Manafon. Manafon? What could it mean? Scurrying to a search engine it was soon discovered that David Sylvian’s new album was named after a small rural community located in the hills of Montgomeryshire, the northern part of the Welsh county of Powys. But that just raised more questions! Why?!
Such became the mystified opening question for any interviewer at the time. Factual connections were quickly made, but more than that, an insight was provided into the heart of Sylvian’s new work. ‘The question, “Why Manafon?” leads me on a journey that reveals something of the nature of the entire project,’ explained Sylvian in one of the discussions on release in 2009. Continue reading “Manafon”
‘a masterclass in synth programming’
In March 1980 Japan headed for the country of their band-name, embarking on a tour to support the Quiet Life album. Mick Karn later recalled how their travel was, ‘more often than not, by Shinkansen, the luxuriously smooth bullet train.. ..It was on one such journey I heard a cassette that was being circulated amongst the band, on my Walkman, the latest invention from Sony. Electronic music was the future, Kraftwerk were already a favourite, but there was something different about this band. YMO were the perfect accompaniment to the speeding scenery outside, it was one of those moments when music and visuals became one, quite by accident, and somehow captured the very spirit of Japan. We couldn’t believe that no-one had heard of them abroad.’ (2009) Continue reading “Taking Islands in Africa”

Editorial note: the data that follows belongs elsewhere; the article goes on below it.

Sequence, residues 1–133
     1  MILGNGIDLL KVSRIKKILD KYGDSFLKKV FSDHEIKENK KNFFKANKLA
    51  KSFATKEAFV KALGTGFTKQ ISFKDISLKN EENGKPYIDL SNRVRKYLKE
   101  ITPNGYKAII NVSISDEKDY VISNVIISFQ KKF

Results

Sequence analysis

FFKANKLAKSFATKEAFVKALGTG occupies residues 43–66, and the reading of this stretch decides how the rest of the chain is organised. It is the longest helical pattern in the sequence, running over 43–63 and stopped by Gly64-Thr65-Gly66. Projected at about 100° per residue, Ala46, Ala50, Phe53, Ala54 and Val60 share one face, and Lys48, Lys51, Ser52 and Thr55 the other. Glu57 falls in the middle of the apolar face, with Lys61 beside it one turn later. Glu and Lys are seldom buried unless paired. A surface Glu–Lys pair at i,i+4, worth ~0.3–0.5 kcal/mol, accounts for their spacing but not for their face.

As David Sylvian and Robert Fripp prepared to go out on the road in 1993 to support their album The First Day, it was clear that they would need a drummer as a key member of the band. The material had developed since the initial drummer-less Sylvian/Fripp/Gunn trio shows the year before, and the powerful yet intricate drive present on the album would now be critical in a live setting. Jerry Marotta had left the sessions for the album early in its gestation, with the drum parts on the record constructed from early recordings and samples of his playing, at times manipulated by David Bottrill. So, a new band-member needed to be found. Continue reading “20th Century Dreaming – live”
Climbing down from the mountain
David Sylvian really knows how to end an album on the perfect note. ‘Brilliant Trees’ captures a faltering faith but the wonder of human love as the summation of his debut release of the same name. Secrets of the Beehive, in its original incarnation, leaves the question ‘is our love strong enough?’ hanging in the air, extending beyond the last notes of ‘Waterfront’ and into our own thoughts. The ‘sunshine above the grey sky’ of ‘A Fire in the Forest’ calms the atmosphere after the brutal soul-searching of Blemish. Continue reading “Darkest Dreaming”
October 2016, Cafe OTO in London, and a concert to celebrate twenty years of Confront Recordings, staged by the label’s owner Mark Wastell. Cafe OTO nestles in a side street in Dalston, a gloriously unpretentious venue where a small team share duties at front of house, attending to the bar, sound and lighting, creating a space for performances from some of the leading improvisers and experimental musicians from across the world. Its vibe is part bar, part cool village hall, part vinyl and cd boutique, making it without doubt one of my favourite places in the capital. Continue reading “There is No Love”